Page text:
Parliament - Residents of violence-torn townships in the larger Cape Town metropole can expect the police and army to come knocking at their doors after President Cyril Ramaphosa approved a request for the deployment of the South African National Defence Force (SANDF) following a sharp increase in murders in the city.
Police Minister Bheki Cele, during a debate on the SA Police Service budget in the National Assembly on Thursday night, announced the SANDF would join a large police contingent to be deployed to several policing precincts.
"We'll do that at Khayelitsha, Philippi, East Harare, Gugulethu, Mfuleni, Kraaifontein, Mitchells Plain, Bishop Lavis, Delft, Elsies River, Nyanga...where people have been dying," Cele told MPs.
"We'll go door to door, we'll collect every illegal firearm, we'll collect all criminals that we want, we'll collect all outstanding criminals that have been on bail and that is happening from two o'clock this [Friday] morning."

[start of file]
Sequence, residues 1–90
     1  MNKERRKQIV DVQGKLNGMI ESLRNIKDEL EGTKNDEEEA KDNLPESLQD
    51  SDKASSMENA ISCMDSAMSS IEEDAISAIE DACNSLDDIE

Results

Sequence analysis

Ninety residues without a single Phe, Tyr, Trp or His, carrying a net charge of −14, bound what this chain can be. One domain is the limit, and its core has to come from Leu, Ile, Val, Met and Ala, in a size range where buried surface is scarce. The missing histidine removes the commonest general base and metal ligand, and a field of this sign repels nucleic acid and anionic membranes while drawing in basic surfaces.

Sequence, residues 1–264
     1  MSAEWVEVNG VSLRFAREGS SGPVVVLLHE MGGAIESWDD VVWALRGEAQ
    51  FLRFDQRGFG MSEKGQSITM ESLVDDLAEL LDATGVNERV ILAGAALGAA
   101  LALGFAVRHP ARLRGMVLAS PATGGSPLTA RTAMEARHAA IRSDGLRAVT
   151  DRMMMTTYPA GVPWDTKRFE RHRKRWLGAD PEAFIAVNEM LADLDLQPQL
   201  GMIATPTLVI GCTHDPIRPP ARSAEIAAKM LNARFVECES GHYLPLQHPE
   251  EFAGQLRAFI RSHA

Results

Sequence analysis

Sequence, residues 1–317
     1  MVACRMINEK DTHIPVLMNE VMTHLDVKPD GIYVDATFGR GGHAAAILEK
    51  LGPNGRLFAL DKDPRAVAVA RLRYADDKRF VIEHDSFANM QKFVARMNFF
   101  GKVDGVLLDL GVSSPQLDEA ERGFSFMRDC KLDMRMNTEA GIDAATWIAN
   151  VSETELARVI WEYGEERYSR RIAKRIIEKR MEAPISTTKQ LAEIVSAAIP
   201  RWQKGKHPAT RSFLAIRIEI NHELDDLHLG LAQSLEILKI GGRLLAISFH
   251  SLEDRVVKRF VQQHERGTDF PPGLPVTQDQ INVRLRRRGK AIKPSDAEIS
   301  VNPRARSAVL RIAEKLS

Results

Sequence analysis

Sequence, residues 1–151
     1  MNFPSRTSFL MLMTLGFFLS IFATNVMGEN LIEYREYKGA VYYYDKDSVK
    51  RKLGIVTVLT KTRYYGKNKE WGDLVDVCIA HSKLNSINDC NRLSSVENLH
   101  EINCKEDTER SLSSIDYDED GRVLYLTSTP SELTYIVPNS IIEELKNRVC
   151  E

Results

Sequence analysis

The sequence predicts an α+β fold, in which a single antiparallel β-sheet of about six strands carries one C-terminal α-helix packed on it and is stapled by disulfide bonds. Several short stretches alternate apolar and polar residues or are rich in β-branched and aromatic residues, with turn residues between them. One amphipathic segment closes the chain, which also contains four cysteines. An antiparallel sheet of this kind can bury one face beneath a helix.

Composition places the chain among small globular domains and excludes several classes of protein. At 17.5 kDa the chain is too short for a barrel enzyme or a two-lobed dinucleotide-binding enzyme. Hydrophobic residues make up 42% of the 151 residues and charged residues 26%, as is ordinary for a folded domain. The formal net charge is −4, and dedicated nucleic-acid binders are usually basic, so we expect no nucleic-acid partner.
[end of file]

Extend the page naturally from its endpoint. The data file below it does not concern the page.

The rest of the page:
During a media briefing following the debate, Cele said he would be addressing a large contingent of officers at 2am on Friday morning ahead of their deployment. Members of the SANDF would join officers a few hours later.
"If you keep the illegal firearms and you think you will sleep peaceful, it can't happen, we'll knock at your door. If you refuse to open, we'll open the door. We'll ask to pull up your mattress. If you refuse, we'll pull it up with you."
This was part of "extraordinary" measures to be deployed following a bloody weekend in the Mother City's townships. At least 13 people were killed in shootings in Philippi East.
South Africa's murder rate increased by seven percent during the April 2017 to March 2018 reporting period, with a reported 57 people killed a day.
A high number of gang shootings in the Western Cape recently saw the province maintain its reputation of being South Africa's murder capital. Of the 10 policing precincts where the highest murder rates were recorded, seven were in the Western Cape.
African News Agency/ANA